I arrived in Paris on a Friday evening, February the tenth. As a disclaimer for the following saga, my knowledge of the French language is limited to the children’s lullaby “Frère Jacques” and the opening sequence of Disney’s Beauty and the Beast. My roommate, who accompanied me on my Parisian adventure, so kindly described the two of us as “knowing even less French together than we do separately.”
For the previous month and a half I had been living in Dublin, a culture that is anything but blasé or standoffish. It only took one stop outside of my Parisian friends’ front door to realize that her French neighbors did not share my enthusiasm. Forgetting myself completely, I let out a typical American girl’s “Hiiiiii, good morning!” to a mother and her two children, and if you saw her expression you would have thought I offered her kids a free ride on my pet baby dinosaur. I quickly corrected myself with an “Oh…uh…bonjour?” But it was too late. The damage had been done, and she scuttled away.
Our first order of business, following failed attempts to blend in as Parisians (or at least Europeans), was a trip to Château de Versailles. Versailles is a palace whose purpose, other than looking beautiful and boasting hundreds of gilded cherubs, was once to house the French Royal family. A more complex understanding of its history escapes me due to my incompetence in AP European History, but you get the idea.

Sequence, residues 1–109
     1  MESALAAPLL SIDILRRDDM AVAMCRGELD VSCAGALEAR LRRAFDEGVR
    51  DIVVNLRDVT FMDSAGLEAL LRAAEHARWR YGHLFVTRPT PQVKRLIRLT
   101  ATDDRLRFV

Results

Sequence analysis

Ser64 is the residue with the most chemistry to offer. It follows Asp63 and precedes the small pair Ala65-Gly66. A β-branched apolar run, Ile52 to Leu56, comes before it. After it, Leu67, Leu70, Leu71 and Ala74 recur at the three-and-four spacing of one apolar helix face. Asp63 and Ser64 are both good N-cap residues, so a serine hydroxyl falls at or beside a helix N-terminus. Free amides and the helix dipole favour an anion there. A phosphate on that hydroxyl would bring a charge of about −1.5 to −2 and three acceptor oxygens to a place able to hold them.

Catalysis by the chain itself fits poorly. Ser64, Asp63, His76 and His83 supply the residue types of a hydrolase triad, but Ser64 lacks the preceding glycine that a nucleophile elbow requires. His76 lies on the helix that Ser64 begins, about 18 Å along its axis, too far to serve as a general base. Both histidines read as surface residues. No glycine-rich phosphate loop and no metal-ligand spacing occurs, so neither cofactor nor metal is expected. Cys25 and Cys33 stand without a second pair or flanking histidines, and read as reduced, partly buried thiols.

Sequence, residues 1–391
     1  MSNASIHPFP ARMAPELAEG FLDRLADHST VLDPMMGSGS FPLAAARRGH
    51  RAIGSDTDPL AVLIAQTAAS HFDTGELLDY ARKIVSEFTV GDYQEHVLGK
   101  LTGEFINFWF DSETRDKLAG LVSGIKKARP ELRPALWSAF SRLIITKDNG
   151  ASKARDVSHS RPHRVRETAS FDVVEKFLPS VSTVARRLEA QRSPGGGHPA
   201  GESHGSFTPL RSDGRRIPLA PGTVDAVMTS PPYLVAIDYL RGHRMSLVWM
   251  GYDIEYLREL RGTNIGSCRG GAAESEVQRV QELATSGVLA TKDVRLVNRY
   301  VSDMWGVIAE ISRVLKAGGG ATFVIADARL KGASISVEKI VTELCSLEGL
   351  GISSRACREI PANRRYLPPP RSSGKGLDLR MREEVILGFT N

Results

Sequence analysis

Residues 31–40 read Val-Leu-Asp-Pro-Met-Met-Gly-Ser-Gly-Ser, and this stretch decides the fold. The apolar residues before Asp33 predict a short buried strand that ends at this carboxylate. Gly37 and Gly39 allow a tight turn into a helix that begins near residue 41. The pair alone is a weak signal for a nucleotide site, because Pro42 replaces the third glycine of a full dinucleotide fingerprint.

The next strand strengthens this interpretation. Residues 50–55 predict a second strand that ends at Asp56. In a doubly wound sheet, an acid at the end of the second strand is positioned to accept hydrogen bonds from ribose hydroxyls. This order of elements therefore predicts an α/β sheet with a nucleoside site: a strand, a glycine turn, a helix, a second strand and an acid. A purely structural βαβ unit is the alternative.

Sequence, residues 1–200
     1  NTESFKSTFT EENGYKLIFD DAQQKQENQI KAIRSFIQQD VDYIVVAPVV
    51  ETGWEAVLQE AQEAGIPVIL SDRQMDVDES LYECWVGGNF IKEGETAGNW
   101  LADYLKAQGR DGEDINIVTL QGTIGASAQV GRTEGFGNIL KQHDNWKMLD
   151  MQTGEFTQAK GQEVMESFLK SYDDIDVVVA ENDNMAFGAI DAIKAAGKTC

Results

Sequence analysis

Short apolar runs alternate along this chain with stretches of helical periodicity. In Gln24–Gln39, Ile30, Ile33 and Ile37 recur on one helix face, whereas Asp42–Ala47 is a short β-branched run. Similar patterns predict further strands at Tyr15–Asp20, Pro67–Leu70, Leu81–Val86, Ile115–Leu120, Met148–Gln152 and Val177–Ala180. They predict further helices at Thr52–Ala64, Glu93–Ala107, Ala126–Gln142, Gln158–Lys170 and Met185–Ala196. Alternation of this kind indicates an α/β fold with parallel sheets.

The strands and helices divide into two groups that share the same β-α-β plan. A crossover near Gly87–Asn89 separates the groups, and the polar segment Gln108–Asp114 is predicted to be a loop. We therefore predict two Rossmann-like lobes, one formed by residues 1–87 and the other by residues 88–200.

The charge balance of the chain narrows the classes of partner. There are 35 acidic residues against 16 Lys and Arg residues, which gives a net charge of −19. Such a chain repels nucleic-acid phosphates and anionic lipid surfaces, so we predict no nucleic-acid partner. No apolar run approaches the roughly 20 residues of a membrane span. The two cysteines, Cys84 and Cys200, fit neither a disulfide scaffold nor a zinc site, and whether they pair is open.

My roommate now wants to replicate its Rococo and Baroque style interiors in our house next year on College Avenue—dream on, Alexandra Ruby. After arriving at the palace, I once again managed to blow our disguise of being two chic, traveling European students when I tripped up the stairs to the information building and let fly a slew of obscenities and laughter that were most definitely American. Walking up to the info desk, we were disappointed to hear an irritated “Hello, how are you?” as opposed to a hopeful “Bonjour.”
The two of us learned many things on our daylong excursion throughout Paris, but one we did not master was how to buy bread at a neighborhood bakery. After waiting in line, we reached the counter, pointed to the baguettes, held up four fingers, and I said “quatre.” My roommate was astonished that I could count to four in French, but my pride was short-lived.
Apparently, the whole yelling “quatre,” over again and pointing to the baguettes did not get the point across well enough, and within five minutes, everyone working at this bakery (albeit, only four employees, but still) was struggling to understand what it was we so desperately wanted to buy, holding up various pastries and cakes and looking to us with puzzled expressions.
Paris is a beautiful city. While my inability to master the language prevented me from truly experiencing the culture, I was not deprived of some of the best things Paris has to offer American study-abroad students—gorgeous architecture, compelling fashion, and last but certainly not least, cheap and tasty wine and cheese. Although my love for fashion, wine and cheese may not be immediately reconcilable for obvious reasons, I will fondly look back on my first weekend in Paris with my roommate as one of true culture shock.
Devon Quinn is a junior in the College of Arts and Sciences. She may be reached at firstname.lastname@example.org. Notes from Abroad: Culture Shock appears on Wednesdays.
Original Author: Devon Quinn